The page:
J Dent Hyg Sci.  2018 Dec;18(6):367-373. 10.17135/jdhs.2018.18.6.367.

The Effect of Children's Beverages on Degradation of Dental Resin-Based Pit and Fissure Sealant

Affiliations
  • 1Department of Dental Hygiene, Daejeon Health Institute of Technology, Daejeon 34504, Korea.
  • 2Institute for Biomaterials Research & Development, Kyungpook National University, Daegu 41566, Korea.
  • 3Department of Dental Hygiene, Howon University, Gunsan 54058, Korea. qorrha12@daum.net

Abstract

The consumption of beverages among children is rising. The purpose of this study was to examine the effect of kid's drink on dental resin-based pit and fissure sealant. Pororo, I-kicker, Sunkist kids were included in the experimental groups, and Samdasu was included in the control group. A conventional dental sealant material (Clinproâ„¢Sealant®) was selected for this study. Resin specimens (8 mm in diameter and 1 mm in thickness) were prepared according to manufacturers' instructions and the initial roughness (Ra) was then measured. The pH of all the four groups was measured using a pH meter. The specimens were individually immersed in 5 ml of the experimental solutions and stored at 37℃ for 72 hours. Following this, the surface roughness of the resin specimens was measured by Surftest. The concentration of residual monomer released was determined by high performance liquid chromatography (HPLC). The surface morphology of the resin specimen was evaluated before and after storage by scanning electron microscopy (SEM). Data were statistically analyzed using Kruskal-Wallis and Duncan's test. The results showed that all the children's beverages examined in this study contained citric acid. The pH of I-kicker was the lowest (3.03±0.01), followed by that of Sunkist kids (3.26±0.02) and Pororo (3.47±0.02). We observed an increase in the surface roughness of resin specimens after 72 h of immersion in all the beverages tested (p < 0.05). There was matrix degradation after immersion, visualized on SEM image, in all the beverage groups. Bisphenol-A-glycidyl methacrylate was not detected after 72 hours, but triethylene glycol dimethacrylate levels were increased in all the beverages tested during the 72 hours by HPLC. These results suggest that intake of beverages containing acid can cause degradation of the resin-based pit and fissure sealants in children.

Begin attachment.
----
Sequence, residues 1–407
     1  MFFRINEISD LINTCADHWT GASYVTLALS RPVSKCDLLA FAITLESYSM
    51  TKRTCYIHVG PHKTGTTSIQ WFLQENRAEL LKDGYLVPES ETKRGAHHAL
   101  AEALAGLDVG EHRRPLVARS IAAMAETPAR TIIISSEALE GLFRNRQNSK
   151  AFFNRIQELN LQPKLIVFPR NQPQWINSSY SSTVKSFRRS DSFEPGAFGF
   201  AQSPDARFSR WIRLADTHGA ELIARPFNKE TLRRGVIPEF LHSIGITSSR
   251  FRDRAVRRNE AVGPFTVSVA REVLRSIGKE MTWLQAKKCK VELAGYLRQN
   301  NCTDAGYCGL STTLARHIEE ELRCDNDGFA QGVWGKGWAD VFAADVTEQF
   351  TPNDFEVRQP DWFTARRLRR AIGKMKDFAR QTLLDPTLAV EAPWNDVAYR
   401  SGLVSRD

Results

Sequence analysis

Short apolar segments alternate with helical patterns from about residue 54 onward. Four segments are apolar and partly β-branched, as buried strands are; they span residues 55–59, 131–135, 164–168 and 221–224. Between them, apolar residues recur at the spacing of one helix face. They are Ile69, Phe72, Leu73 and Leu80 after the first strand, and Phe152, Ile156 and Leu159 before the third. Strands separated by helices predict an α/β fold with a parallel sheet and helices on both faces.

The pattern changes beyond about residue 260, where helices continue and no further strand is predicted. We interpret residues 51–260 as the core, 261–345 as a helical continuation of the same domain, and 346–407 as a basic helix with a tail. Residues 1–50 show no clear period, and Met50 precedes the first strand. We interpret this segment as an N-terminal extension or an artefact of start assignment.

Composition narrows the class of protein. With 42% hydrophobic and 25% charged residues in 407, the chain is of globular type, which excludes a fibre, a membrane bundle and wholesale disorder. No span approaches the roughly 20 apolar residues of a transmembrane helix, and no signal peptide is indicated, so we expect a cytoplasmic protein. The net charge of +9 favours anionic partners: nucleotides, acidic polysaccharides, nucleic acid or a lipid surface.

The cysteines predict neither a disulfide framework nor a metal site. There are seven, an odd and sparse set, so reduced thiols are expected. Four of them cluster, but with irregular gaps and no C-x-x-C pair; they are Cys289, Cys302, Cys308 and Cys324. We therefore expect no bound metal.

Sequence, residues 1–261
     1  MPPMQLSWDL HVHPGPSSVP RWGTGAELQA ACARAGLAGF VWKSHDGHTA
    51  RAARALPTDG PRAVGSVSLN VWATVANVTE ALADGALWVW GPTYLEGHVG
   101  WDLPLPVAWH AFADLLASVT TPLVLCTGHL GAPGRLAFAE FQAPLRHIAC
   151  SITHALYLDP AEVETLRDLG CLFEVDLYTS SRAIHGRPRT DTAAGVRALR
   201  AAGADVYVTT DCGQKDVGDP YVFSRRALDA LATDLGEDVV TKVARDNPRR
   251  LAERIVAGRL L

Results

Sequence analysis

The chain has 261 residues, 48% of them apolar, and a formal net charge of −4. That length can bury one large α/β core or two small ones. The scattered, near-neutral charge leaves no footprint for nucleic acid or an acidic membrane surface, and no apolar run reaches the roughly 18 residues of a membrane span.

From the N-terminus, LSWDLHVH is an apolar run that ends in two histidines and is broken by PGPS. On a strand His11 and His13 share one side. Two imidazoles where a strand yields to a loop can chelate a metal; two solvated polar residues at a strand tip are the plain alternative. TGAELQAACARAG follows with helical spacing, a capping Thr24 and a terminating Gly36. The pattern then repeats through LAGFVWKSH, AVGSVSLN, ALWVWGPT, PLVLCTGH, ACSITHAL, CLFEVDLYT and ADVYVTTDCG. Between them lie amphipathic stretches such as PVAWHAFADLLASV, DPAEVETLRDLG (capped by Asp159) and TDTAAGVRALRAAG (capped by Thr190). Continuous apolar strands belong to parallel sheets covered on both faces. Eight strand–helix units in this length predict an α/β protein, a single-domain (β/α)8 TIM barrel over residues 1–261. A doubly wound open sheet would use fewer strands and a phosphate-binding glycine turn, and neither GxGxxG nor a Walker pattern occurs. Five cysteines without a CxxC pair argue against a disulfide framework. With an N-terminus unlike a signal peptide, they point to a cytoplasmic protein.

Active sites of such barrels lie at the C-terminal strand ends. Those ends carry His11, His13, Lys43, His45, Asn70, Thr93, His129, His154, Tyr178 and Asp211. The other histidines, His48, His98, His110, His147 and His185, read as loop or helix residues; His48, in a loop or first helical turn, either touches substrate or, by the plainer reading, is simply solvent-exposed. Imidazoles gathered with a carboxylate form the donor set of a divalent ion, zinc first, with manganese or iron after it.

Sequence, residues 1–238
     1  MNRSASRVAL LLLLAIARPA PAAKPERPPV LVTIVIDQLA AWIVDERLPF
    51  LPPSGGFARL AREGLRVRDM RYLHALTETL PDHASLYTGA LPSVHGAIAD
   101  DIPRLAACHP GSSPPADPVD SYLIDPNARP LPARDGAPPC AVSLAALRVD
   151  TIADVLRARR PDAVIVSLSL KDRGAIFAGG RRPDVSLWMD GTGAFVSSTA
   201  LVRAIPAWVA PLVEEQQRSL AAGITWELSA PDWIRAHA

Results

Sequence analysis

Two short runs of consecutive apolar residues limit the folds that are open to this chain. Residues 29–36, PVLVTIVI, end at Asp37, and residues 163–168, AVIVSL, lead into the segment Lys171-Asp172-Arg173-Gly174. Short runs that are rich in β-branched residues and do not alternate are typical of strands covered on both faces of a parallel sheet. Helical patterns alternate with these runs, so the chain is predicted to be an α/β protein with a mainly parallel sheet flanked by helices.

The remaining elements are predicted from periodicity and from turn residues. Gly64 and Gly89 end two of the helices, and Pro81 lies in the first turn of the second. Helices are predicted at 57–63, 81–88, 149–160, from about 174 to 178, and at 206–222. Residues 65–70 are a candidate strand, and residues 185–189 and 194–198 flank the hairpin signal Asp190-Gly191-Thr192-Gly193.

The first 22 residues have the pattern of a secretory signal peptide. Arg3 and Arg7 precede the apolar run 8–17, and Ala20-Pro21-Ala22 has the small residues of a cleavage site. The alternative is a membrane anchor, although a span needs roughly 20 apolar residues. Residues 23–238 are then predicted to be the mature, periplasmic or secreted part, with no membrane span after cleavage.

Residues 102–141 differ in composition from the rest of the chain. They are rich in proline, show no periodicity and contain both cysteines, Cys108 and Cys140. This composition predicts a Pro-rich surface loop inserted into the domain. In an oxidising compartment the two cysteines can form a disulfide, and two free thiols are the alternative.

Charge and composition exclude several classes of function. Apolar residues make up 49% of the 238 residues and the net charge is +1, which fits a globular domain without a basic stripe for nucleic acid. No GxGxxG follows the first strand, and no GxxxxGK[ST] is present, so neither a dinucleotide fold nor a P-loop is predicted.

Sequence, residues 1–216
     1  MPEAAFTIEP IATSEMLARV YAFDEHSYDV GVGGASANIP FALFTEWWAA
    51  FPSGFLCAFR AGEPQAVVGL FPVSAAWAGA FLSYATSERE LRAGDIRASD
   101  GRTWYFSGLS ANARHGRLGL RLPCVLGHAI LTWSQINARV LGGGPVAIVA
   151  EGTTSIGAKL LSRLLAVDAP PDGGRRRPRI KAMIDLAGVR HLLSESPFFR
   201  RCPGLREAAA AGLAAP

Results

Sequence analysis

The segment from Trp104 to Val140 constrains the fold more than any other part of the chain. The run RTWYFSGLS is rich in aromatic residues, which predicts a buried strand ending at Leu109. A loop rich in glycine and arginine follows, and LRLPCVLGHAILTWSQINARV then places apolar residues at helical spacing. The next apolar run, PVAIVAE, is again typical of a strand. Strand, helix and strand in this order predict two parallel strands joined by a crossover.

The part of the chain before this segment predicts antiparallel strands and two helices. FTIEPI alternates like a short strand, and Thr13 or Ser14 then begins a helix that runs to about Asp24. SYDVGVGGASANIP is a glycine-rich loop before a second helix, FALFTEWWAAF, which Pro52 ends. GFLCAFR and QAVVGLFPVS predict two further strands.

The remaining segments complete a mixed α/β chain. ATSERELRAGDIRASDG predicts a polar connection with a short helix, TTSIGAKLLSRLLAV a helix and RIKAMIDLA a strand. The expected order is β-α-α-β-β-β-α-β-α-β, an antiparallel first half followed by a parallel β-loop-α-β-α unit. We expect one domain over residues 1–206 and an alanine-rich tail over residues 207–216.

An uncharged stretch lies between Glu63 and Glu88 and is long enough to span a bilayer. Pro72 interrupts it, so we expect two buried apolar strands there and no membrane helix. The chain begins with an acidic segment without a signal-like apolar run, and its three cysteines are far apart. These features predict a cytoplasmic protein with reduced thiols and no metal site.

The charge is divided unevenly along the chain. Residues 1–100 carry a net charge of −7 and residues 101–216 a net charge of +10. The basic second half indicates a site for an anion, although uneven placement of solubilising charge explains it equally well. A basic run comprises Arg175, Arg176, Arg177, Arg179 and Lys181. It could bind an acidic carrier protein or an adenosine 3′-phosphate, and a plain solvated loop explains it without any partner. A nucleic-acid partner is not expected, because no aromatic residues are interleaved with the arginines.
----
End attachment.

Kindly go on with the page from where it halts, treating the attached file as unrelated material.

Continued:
Keyword

Chromatography; Pit and fissure sealants; Triethylene glycol dimethacrylate

MeSH Terms

Beverages*
Child
Chromatography
Chromatography, High Pressure Liquid
Chromatography, Liquid
Citric Acid
Humans
Hydrogen-Ion Concentration
Immersion
Microscopy, Electron, Scanning
Pit and Fissure Sealants
Citric Acid
Pit and Fissure Sealants
Full Text Links
  • JDHS
Actions
Cited
CITED
export Copy
Close
Share
  • Twitter
  • Facebook
Similar articles
    DB Error: unknown error